Why Code in the Community? Using Education and Technology to Change the World
January 6, 2020
It takes a village to make an impact – and in the case of Code in the Community, a whole-of-nation effort to create opportunities for every child to be a curious, self-motivated learner through digital literacy. As we roll out free coding classes for thousands of Singaporean kids from disadvantaged backgrounds, we’re teaming up with a powerhouse of friends across the private, public, and people sectors, and we can’t wait to see what impact we can achieve together.
Here’s a speech our founder, John, delivered at the recent launch of CITC. As we know – tech can exacerbate inequality; instead though, we choose to use it to bridge the gap. This is how and why we’re using education and technology to change the world for the better.
“Way back in 2015, we ran our first free workshops for the community – and Google and IMDA were our earliest supporters. We ran workshops at Google’s SG50 Shophouse to celebrate Singapore’s 50th birthday, and every quarter Google would lend us a room in their Asia Square office to run a full day of free coding classes. The other thing we did was borrow IDA’s Lab on Wheel bus on the weekend, park it in a community centre, and run workshops on the bus. With Google and IMDA supporting the next 3 years of Code In The Community, it’s kind of nice that we’ve come full circle.
But more important than the what and the how is the why. Quality education for all is a UN Sustainable Development Goal. The ability to work with technology can be a great equalizer; yet it can also widen the gap between the haves and have nots. If you’ve ever taken a walk around San Francisco, or read any of the numerous articles about inequality in that city, you’ll see what I mean.
As Singapore becomes increasingly connected through technology, it is important that no one is excluded from the benefits and opportunities afforded by technology, including the more vulnerable segments of society.
Our goal with Code in the Community is to provide the gift of coding classes to underserved, underprivileged kids – as they learn to code, they build their creative confidence and discover a world of possibilities for a brighter future. And beyond that, we want the experience to inform them that learning can be fun, and that there’s so much out there to learn. At the end of the day, it all goes back to our mission of inspiring every child to become a curious, self-directed learner.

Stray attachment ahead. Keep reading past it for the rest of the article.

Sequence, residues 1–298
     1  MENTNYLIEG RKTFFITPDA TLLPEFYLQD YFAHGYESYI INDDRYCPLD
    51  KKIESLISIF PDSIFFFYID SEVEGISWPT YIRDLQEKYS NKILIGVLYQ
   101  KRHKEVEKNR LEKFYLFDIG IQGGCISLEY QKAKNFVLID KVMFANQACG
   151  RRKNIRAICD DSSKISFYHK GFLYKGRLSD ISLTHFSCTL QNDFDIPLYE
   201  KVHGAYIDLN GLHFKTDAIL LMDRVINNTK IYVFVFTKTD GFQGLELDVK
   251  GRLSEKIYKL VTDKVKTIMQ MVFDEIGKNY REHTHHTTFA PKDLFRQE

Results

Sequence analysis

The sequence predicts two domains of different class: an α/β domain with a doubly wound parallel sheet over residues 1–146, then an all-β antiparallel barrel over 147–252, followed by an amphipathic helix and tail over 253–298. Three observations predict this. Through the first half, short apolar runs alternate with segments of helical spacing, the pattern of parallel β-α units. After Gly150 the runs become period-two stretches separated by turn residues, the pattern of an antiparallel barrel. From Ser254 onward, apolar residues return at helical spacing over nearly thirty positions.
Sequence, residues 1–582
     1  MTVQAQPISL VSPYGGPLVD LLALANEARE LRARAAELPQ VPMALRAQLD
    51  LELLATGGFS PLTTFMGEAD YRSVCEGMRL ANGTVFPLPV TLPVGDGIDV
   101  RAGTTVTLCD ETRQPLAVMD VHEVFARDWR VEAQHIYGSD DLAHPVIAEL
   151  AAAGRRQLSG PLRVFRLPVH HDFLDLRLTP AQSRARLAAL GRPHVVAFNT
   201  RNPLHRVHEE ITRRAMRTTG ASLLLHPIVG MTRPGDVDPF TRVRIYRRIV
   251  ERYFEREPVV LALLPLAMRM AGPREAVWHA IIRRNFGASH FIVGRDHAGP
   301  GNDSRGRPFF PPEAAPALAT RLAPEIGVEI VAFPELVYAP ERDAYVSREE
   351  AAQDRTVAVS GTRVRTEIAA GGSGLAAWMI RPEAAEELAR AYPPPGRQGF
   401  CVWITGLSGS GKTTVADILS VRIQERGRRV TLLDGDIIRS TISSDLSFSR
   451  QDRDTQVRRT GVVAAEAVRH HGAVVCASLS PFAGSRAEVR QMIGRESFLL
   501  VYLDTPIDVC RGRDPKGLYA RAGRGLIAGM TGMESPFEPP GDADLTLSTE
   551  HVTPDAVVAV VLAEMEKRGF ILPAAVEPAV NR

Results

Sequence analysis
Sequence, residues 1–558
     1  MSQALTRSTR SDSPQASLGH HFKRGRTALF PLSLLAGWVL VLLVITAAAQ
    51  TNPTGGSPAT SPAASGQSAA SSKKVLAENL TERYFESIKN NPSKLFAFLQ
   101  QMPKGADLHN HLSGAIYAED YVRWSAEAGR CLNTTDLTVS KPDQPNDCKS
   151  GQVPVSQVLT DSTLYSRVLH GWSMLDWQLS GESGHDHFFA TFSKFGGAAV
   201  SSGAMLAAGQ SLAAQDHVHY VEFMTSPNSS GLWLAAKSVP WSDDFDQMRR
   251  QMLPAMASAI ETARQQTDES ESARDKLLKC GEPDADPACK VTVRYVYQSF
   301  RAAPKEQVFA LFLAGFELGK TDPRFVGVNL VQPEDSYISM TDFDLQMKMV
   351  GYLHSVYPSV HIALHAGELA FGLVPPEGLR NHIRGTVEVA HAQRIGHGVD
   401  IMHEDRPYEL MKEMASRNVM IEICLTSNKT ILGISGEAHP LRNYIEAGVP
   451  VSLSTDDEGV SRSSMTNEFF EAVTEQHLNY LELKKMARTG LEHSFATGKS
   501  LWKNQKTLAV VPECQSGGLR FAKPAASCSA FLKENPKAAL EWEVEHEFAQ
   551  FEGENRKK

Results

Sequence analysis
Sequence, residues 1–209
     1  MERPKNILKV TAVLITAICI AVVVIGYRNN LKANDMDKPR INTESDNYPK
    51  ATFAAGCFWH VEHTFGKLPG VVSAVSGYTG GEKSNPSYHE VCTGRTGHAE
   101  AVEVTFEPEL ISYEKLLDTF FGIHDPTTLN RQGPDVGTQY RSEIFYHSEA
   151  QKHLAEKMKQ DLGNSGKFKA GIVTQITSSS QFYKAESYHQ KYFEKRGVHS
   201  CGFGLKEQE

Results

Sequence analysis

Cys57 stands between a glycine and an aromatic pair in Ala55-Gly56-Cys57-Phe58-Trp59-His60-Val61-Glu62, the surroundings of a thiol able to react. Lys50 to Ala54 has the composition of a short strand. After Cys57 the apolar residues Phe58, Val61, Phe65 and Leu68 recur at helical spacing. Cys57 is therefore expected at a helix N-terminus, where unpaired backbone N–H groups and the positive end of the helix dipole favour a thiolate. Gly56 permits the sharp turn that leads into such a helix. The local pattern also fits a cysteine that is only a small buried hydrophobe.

Over the past 3 years, one thing that’s always been top of mind at Saturday Kids is finding more opportunities for Code In The Community graduates. Just this past December, we worked with partners like REC Foundation, VEX Robotics, Google and ACSI to bring the VEX Robotics Kid-Powered workshop to 100 Code in the Community Python graduates.
11-year old Yi Kai is one of the youngest Code In The Community alums who attended the VEX Robotics workshop. When we caught up with him, he shared that he is now coding things he learnt in school, for instance a programme that would draw math factors. His attitude exemplifies the Saturday Kids spirit – one that is driven by curiosity and desire to learn. It is with this same spirit that 12 year old Rashid travelled from Punggol to Choa Chu Kang for Code In The Community classes because he moved halfway through the term, but didn’t want to miss classes.
Finding ad hoc opportunities for Code In The Community graduates to continue their learning only gets us so far. We know the number of students who want to continue learning coding far exceeds the number of opportunities we can find them. Therefore, with the support of Google and IMDA, we will be introducing Level 2 Applications classes in the next phase of Code In The Community, where graduates from Level 1 will get opportunities to build with code using Strawbees, Quirkbot & Micro:bit. With the Level 2 classes, past graduates can join Code In The Community 2.0, build on their coding skills, and get started with robotics and engineering.